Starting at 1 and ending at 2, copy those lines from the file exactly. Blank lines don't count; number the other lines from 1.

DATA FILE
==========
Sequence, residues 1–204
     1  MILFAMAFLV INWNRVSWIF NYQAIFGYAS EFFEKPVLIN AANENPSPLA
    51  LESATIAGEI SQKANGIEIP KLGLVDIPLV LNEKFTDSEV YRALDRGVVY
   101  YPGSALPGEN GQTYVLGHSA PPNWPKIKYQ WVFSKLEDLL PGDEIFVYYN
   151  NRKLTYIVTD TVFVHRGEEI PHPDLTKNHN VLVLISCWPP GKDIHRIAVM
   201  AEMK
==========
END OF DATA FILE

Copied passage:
Sequence, residues 1–204
     1  MILFAMAFLV INWNRVSWIF NYQAIFGYAS EFFEKPVLIN AANENPSPLA